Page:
Analyzing the 2020 ISL Schedule: No Regular-Season Energy/London Showdown

The International Swimming League announced its 2020 regular season schedule on Monday morning. With the October 16th start of the season less than 2 weeks away, that’s the best look provided so far by the upstart professional swimming league as to what, exactly, the 2020 season will look like.

Each team will swim 4 total meets during the regular season. Based on last year’s scoring system, within each of those meets, the highest-placing team will receive 4 standings points, the 2nd-place team will receive 3 standings points, the 3rd-place team will receive 2 standings points, and the 4th-place team will receive 1 standings point.

At the end of the regular season, the 8 teams with the most points will advance to the semi-finals, and the top 4 teams from those meets will advance to the final.

The ISL has not yet announced how teams will advance for the 2020 season, and if there will be any groupings as there was in season 1 or if it will simply be the 8 best teams.

Schedule Matrix

A cursory look at the schedule indicates no obvious groupings by continent.

Each team will compete on 4 of the league’s 5 weekends, getting 1 weekend off. Each weekend will have 2 meets: one that runs Friday-Saturday, and another that runs Sunday-Monday.

Below you will find a table that shows each team’s opponent counts for the 2020 season. Note that each meet is represented twice: once above the diagonal, and once below it.


  • Unlike many leagues, where the best teams in one season get the toughest schedules in the next, the defending champions Energy Standard have escaped any big challenges in the 2020 regular season. They won’t face the defending runners-up London Roar in the regular season, and will have 2 meets against last season’s last-place team the New York Breakers, plus 3 against the expansion Toronto Titans. It likely won’t matter much – after a number of high-level swimmers, especially from Italy and Australia, have withdrawn from the season, Energy Standard is expected to easily win the 2020 title, unless something dramatic changes.
  • That dramatic change could come in the form of a return of Australian swimmers for December’s championship meet at a to-be-determined location. There are indications on the ISL website that this could happen, with a number of Australian swimmers still listed on rosters, albeit in red. Sources have told SwimSwam that this means that these swimmers are eligible to join the team in the post-season if the situation in Australia changes. As it is, London has had to cobble-together a roster that doesn’t stack up to what they had last season. This leaves them in a battle to even qualify for the semi-finals or finals, especially with a tough schedule that includes 2 meets each against the Cali Condors and LA Current: the top teams on the American side.
  • There are 3 occasions in which teams will face of 3 times: Energy Standard vs. Toronto Titans, Cali Condors vs. New York Breakers, and DC Trident vs. Iron. Of those 3 matchups, DC Trident vs. Iron is the most interesting, with those teams having finished 3rd in their respective continental groups last year.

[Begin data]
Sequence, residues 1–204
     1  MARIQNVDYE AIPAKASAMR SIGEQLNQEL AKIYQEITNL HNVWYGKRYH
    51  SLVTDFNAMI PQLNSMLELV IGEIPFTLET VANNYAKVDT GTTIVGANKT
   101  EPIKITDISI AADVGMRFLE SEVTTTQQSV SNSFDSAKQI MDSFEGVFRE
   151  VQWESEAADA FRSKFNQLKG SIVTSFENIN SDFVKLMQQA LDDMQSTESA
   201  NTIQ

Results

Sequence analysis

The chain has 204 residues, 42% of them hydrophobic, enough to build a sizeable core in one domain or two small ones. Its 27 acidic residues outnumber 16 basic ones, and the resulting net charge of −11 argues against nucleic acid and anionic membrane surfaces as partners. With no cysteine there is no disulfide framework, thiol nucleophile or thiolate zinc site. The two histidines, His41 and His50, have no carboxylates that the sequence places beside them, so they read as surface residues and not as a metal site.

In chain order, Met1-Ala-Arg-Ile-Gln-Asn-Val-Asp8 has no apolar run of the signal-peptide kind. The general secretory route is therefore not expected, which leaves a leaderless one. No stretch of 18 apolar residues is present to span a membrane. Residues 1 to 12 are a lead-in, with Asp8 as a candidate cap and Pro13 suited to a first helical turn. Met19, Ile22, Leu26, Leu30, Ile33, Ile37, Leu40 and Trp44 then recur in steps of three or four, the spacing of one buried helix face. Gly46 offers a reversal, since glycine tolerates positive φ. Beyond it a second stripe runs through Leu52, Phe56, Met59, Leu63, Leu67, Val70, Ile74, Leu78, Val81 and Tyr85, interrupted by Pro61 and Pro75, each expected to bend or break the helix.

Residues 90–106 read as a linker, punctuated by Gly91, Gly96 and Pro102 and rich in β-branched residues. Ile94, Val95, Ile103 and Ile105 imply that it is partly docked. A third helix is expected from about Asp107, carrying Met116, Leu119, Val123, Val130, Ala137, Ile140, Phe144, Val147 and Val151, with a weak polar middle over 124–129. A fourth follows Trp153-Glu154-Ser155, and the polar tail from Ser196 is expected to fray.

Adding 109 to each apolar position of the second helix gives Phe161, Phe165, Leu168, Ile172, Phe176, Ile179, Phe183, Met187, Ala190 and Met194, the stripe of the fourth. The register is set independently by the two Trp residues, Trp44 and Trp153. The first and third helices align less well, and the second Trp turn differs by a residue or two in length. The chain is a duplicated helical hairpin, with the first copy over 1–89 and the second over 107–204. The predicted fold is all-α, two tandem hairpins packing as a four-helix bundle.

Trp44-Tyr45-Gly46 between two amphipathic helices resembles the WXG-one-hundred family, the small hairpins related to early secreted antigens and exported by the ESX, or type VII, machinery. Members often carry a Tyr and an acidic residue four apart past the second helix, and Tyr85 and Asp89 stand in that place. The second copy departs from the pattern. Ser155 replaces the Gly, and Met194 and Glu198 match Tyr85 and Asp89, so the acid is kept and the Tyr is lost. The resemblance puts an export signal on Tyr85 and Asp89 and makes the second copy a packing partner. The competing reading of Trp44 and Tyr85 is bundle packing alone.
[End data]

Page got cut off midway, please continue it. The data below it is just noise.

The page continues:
• The two expansion franchises, Tokyo Frog Kings and Toronto Titans, will face off twice.
  • The New York Breakers have a front-loaded schedule, and with a November 7-8 regular season finale will be the first team to finish their regular season: a full weekend before the other teams wrap.
  • On the flip side, the LA Current, Tokyo Frog Kings, and Toronto Titans all won’t begin racing until the 2nd weekend of the season. For the Frog Kings and Titans, this provides an opportunity to observe and adapt to the ISL format, which we learned last season has a learning curve, especially when it comes to constructing lineups.
  • This timing could matter even more than expected in season 2 with the coronavirus protocols put in place. With the probability that some athletes will test positive before departing for Budapest, they could miss the first weekend of the season while trying to clear the testing protocol. On the flip side, if there is any spread within the Budapest camp (athletes are sort of quarantined, but allowed out into the public for up to 90 minutes at a time), then teams that have more meets early could benefit from missing any community spread on Margaret Island.
Energy Standard London Roar Cali Condors LA Current Iron DC Trident Aqua Centurions NY Breakers Toronto Titans Tokyo Frog Kings
Energy Standard 0 1 1 2 1 1 2 3 1
London Roar 0 2 2 1 2 2 1 0 2
Cali Condors 1 2 2 1 1 1 3 0 1
LA Current 1 2 2 0 1 2 1 1 2
Iron 2 1 1 0 3 1 1 2 1
DC Trident 1 2 1 1 3 1 1 1 1
Aqua Centurions 1 2 1 2 1 1 1 2 1
NY Breakers 2 1 3 1 1 1 1 1 1
Toronto Titans 3 0 0 1 2 1 2 1 2
Tokyo Frog Kings 1 2 1 2 1 1 1 1 2

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3 years ago

Was a good idea until it all suddenly became too big and too complicated to follow .. I just want straight swimming racing not the fancy bells and whistles to confuse the matter .. turning it into a circus show

Reply to  Verram
3 years ago

I was gonna comment until I saw that you said everything that needs to be said

Last edited 3 years ago by Olympian
3 years ago

Non-swimmer and swimmer fans bout to be very confused.

3 years ago

Seems uneven. Why are some teams finishing a whole week before others? Why are some teams meeting three times and others not at all?

About Braden Keith

Braden Keith

Braden Keith is the Editor-in-Chief and a co-founder/co-owner of He first got his feet wet by building The Swimmers' Circle beginning in January 2010, and now comes to SwimSwam to use that experience and help build a new leader in the sport of swimming. Aside from his life on the InterWet, …

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